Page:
Continuing our series of short contributions from figures on the left looking to the year ahead, Nina Power anticipates renewed resistance to austerity, increasingly organised offline.
2012 saw a continuation of repression against anti-austerity protesters and further arrests relating to the riots of the previous summer, as well as other worrying developments concerning the government’s attempt to push through a snooper’s charter and institute private court hearings. The breakneck pace of austerity measures and the concomitant crackdown on civil liberties indicate that the ruling class will stop at nothing to rush through the final stages of the destruction of the welfare state, and are relentless in their pursuit and surveillance of those who try to resist the cuts. 2013 will likely see much more of the same, as we know that the impact of the cuts, brutal as it is already, has a long way left to go.
I think some of the main challenges faced in the year ahead are already contained in the recognition that the cuts have affected so many people: the damage is collectively felt, and the minority responsible are easily identifiable. There is thus a kind of ‘negative collectivity’ constituted both by loss of jobs, benefit cuts, cuts to public services etc. and by a united anger against those who imposed these damaging and unnecessary measures. So the potential for mass opposition is there—and we have seen it in the strikes, protests, riots and other actions that have taken place over the last few years. While it is foolhardy to make predictions about what exactly could happen, I think it’s clear that this mass opposition has not dissipated, despite the attempted crackdowns. The continued revelations in 2012 about what happened at Hillsborough, Orgreave and the complicity of the police in phone-hacking scandals and other cover-ups (relating to deaths in police custody in particular, as the verdict in the recent Sean Rigg inquest proved) has led to a widespread suspicion of the links between police, media and government that stretches back across the decades. It’s as if everything that David Peace described in his Red Riding Quartet has revivified and come back to haunt the current ruling order.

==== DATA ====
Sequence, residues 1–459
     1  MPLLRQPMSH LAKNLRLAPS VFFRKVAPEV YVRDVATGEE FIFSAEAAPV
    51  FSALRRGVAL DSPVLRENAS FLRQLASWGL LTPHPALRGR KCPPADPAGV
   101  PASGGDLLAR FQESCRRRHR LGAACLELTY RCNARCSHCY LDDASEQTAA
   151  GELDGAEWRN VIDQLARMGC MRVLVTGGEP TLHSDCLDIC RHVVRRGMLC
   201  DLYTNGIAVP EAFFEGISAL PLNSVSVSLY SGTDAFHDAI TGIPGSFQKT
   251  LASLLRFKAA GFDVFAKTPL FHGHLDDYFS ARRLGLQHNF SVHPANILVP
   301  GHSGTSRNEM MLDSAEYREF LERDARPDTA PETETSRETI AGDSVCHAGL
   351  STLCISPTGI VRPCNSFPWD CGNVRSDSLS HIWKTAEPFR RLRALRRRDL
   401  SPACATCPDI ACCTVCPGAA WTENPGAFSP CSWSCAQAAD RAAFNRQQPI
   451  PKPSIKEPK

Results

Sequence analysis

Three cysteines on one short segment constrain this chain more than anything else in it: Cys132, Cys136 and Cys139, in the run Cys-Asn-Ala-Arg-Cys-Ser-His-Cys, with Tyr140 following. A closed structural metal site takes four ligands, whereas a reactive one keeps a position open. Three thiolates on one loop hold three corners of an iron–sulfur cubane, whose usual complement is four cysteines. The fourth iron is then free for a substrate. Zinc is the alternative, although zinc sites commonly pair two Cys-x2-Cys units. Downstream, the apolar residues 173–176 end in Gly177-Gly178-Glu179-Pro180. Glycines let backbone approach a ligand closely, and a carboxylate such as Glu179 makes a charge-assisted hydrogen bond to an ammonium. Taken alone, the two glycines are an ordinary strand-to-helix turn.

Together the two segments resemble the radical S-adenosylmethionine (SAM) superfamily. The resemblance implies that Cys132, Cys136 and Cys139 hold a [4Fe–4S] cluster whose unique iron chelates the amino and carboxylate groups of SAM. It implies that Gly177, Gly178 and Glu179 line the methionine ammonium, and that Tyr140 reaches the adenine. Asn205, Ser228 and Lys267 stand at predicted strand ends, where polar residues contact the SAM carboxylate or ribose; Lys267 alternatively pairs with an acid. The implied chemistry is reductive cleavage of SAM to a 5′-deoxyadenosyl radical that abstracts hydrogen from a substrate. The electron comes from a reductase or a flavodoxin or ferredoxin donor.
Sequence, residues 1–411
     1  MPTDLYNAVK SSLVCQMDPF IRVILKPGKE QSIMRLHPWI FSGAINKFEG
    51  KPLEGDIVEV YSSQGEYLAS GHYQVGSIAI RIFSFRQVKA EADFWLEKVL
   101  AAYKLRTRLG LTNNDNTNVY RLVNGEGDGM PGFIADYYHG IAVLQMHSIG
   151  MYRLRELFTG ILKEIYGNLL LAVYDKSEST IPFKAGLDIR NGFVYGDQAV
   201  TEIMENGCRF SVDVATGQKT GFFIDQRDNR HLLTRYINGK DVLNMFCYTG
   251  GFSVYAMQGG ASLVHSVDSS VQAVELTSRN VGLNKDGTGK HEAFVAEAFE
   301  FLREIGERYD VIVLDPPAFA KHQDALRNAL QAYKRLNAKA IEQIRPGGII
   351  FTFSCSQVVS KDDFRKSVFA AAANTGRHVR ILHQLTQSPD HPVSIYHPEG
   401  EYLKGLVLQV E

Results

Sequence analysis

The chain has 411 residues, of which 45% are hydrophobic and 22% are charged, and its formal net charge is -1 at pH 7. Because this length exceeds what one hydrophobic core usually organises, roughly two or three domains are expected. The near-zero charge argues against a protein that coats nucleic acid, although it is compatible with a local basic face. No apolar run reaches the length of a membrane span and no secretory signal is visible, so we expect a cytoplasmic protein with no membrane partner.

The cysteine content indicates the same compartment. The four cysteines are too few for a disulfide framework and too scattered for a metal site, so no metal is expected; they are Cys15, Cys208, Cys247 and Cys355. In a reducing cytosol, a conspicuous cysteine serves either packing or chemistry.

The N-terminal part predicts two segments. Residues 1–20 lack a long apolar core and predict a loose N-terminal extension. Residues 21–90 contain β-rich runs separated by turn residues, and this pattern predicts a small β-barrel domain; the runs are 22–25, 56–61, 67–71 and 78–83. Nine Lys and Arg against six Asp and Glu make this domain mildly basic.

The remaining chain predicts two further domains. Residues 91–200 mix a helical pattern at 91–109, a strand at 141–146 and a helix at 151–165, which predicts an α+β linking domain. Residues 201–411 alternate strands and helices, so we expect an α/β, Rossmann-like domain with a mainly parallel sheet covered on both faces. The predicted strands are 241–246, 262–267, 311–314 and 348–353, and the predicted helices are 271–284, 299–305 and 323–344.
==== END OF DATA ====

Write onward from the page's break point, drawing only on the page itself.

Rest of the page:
Attending a lecture by current Met commissioner, Bernard Hogan-Howe, it was clear that his interests lie in the surveillance possibilities afforded by internet-based technology. With the current climate of fear around social media (four years in prison for a joke riot post, etc.), it seems increasingly important to organise actions against the cuts “offline” in local communities, and I think we’ll see more protests and resistance in particularly hard-hit areas, and not necessarily only in the larger cities.
Nina Power is a senior lecturer in philosophy at Roehampton University. She is the author of, among others, 'One Dimensional Woman' (2009) and hosts 'The Hour of Power', a discussion of politics and philosophy on Resonance FM.